Creating a circle of prosperity

- Finance - Oct 12, 2012

Written by Sheree Hanna

An investment fund offering investors the chance to put their money in top performing African companies in what is a rapidly growing economy is also helping to make a difference to hundreds of grass roots entrepreneurs.

UK-based Alquity Investment Management established The Alquity Africa Fund which has to date supported 974 entrepreneurs in Africa with some 2,000 loans totaling £25,502.

Alquity believes in fair distribution of prosperity and aims to benefit local communities in developing countries from the bottom up. Through its partner Opportunity International UK, it has set up microfinance projects to provide businesses in rural Africa with access to loans and banking facilities.


Opportunity International UK uses mobile banks to provide bank services to customers in remote areas, while mobile phone banking allows regular access to bank accounts and micro loans assists in business ventures, and insurance policies protect against risks to possessions.

The average loan size is just $57 dollars, but this has acted as a lifeline for people like Dorothy Salif, a 20-year-old mother of two who runs a small business selling dried fish in Limbuli market. With the profits Dorothy has made from her loan so far, she is renting a building in the market where she stores her fish as well as renting it out to other fish sellers to store their own stock.

Her vision is to have a working capital of 200,000 kwacha within two years. Before Opportunity International came along, Dorothy didn’t have access to a savings account. Instead, she would tie up her money in her clothes to keep it safe.

Now, however, she uses the mobile bank to deposit her takings and make withdrawals. Her loan officer says she is “very entrepreneurial and creative” and she will have the potential to take on larger loans in the future.


Stanley and Justina Fongulo have also benefited from a loan which has helped with the stall they run selling ground nuts of various grades and beans. Justina runs the stall while Stanley travels far and wide sourcing stock. They are hoping, with the help of the loan, their profits will continue to increase to between 700-1,000 kwacha a week.

The Alquity Africa Fund was set up with three main pillars to its business model: attractive returns, sustainable investment and transforming lives. The name ‘Alquity’ is taken from an amalgam of altruism and equity and the fund aims to make a virtuous circle of investment.

Patrick Muir, Alquity’s Commercial Director, said: “People are not always confident that they are dealing with companies who are acting in a moral and sensible way. There are some companies that jump on the bandwagon but not always offering what they should.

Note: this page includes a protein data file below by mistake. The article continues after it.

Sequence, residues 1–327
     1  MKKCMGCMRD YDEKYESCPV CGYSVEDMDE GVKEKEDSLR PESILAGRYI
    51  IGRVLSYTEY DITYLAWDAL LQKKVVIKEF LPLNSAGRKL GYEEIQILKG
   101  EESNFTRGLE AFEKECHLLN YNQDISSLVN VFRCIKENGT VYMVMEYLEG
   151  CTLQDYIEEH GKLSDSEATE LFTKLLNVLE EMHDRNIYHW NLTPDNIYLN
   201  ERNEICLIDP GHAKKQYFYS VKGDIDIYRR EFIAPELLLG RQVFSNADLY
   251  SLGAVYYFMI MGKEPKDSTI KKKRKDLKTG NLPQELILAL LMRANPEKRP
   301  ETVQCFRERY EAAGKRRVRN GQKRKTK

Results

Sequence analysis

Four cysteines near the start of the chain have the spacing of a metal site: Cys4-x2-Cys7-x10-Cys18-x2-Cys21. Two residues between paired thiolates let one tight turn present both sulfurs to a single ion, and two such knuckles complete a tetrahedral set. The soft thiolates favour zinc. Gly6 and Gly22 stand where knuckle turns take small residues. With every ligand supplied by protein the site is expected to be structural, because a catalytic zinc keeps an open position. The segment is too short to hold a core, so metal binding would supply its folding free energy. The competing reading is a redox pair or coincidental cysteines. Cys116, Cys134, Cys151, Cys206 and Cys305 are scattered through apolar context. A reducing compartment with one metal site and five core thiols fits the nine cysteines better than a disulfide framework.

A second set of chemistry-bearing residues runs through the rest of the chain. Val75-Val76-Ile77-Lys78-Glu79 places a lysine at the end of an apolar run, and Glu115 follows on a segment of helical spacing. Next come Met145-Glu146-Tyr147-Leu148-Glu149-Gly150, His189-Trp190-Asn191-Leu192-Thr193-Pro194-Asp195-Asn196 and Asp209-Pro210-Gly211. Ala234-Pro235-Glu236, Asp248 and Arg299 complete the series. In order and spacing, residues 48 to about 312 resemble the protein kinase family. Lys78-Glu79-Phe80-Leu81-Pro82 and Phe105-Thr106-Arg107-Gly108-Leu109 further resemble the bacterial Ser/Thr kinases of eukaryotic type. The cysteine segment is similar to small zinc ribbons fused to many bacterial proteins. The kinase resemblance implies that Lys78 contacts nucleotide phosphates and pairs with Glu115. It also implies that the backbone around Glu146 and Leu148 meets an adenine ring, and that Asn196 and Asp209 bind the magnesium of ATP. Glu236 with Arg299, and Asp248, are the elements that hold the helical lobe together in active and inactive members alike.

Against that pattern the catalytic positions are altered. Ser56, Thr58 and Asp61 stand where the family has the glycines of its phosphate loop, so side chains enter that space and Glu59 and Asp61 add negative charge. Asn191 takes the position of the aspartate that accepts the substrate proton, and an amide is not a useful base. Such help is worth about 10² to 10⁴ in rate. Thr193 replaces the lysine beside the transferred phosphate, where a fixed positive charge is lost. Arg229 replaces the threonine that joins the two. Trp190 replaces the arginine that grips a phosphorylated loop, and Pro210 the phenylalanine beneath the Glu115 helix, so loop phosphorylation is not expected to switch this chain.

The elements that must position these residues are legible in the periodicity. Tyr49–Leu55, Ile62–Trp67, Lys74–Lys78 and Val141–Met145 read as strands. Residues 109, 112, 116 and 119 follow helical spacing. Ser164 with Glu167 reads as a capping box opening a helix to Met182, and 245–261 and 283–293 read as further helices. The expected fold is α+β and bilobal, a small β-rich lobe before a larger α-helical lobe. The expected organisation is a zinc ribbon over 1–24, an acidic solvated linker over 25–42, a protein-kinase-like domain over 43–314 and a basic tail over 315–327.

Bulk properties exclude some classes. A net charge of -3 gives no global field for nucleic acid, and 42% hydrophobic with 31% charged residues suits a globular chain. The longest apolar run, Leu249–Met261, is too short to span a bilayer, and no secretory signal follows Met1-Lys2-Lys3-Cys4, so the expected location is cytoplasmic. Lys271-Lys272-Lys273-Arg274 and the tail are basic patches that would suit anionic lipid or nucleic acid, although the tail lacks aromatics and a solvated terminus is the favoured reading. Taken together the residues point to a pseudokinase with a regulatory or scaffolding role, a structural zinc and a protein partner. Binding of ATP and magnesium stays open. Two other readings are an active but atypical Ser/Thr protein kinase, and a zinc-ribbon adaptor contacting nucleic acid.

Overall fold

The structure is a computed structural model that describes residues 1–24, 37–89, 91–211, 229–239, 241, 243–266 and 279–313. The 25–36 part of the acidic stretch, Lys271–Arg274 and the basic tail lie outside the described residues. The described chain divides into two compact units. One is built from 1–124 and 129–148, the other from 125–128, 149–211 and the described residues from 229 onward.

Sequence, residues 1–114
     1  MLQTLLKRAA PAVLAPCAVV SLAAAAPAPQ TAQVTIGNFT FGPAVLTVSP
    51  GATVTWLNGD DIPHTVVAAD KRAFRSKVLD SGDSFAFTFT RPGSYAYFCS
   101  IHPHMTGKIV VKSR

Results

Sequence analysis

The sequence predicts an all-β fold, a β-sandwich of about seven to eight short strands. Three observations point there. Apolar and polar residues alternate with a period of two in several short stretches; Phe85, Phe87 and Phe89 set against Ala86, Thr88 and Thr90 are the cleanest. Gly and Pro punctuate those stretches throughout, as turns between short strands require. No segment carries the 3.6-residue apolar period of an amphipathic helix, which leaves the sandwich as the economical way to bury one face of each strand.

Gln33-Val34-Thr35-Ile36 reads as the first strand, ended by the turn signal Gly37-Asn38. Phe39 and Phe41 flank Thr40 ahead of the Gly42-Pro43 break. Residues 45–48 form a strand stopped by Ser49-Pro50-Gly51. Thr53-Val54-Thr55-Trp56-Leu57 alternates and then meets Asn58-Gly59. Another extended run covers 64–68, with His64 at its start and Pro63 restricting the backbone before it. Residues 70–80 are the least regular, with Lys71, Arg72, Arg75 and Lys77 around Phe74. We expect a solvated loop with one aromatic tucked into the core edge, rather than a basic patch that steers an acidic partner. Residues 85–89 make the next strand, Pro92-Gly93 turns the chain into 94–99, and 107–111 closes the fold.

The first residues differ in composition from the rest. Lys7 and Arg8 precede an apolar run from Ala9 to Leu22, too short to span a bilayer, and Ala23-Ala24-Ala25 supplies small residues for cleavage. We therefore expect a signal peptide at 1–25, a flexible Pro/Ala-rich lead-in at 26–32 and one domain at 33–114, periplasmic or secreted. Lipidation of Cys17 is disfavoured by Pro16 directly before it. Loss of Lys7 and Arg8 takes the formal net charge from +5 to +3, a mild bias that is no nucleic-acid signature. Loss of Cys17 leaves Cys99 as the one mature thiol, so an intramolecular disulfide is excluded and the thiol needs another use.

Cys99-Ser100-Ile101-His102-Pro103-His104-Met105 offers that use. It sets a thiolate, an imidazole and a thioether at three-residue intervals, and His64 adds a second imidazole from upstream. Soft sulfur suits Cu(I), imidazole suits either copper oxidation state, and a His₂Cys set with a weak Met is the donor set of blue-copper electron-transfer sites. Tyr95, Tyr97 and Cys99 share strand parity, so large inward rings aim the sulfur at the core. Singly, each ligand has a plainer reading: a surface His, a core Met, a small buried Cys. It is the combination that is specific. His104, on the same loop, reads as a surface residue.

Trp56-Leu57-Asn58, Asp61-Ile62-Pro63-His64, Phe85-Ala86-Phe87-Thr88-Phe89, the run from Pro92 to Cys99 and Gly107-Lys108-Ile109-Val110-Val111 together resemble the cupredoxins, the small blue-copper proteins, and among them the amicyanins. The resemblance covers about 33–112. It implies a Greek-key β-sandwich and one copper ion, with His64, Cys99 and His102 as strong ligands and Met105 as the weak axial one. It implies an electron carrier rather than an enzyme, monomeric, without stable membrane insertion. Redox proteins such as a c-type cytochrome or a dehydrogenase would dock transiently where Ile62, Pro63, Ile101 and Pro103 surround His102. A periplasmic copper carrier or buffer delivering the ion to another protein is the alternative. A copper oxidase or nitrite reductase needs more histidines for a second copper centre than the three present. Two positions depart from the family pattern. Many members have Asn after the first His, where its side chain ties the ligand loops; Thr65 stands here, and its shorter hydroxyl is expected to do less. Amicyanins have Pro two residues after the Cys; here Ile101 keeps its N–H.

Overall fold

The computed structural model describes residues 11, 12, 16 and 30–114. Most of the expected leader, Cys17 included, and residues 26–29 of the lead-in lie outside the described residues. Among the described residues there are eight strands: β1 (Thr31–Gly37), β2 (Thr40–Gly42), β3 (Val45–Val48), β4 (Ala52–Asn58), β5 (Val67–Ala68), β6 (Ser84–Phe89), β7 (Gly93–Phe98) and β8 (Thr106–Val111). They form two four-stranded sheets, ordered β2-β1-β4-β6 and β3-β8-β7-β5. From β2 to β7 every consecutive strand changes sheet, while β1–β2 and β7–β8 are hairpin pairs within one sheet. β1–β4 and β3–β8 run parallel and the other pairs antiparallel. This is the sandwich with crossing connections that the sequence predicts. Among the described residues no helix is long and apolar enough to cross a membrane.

“You have to put your money where your mouth is.  At Alquity we live up to our ethical stance. It does make our fund attractive to those investors who want to put back something to the community. It benefits them in two ways because if you help start a small business it is putting money into the economy, which then has a knock on effect for the investor as the economy they have invested in grows stronger.”


There is also a double bonus for investors in the Alquity Africa Fund as the cash donated for the microfinance projects comes out of the management fees. Alquity donates a minimum of 25 percent of its management fee revenue. In this way, it makes investors feel like they are giving to charity without having to spend any money.

Since the Africa fund was established it has attracted $20 million worth of investment and holds stocks in some of Africa’s most well known companies. These include MTN, the largest mobile telecomm operator in Africa, Pan-African conglomerate Lonrho Plc which operates in the agricultural and infrastructure markets and leading independent, oil and gas exploration and production company Afren, which is present in 12 African countries.

Alquity’s partnership with Opportunity International UK has been instrumental in the success of the microfinance projects. Muir said: “Clearly you need good infrastructure to make sure that money is genuinely going to the right people and is not just swallowed up so our partners in this make sure the finance is getting to them.”

Such has been the success of the project that Alquity is now considering expanding it further. “We are looking at expanding the project and maybe looking to finance larger start-up enterprises, bigger scale entrepreneurs who are perhaps needing hundreds or thousands in loans and we are looking at maybe developing a mentoring system,” said Muir.

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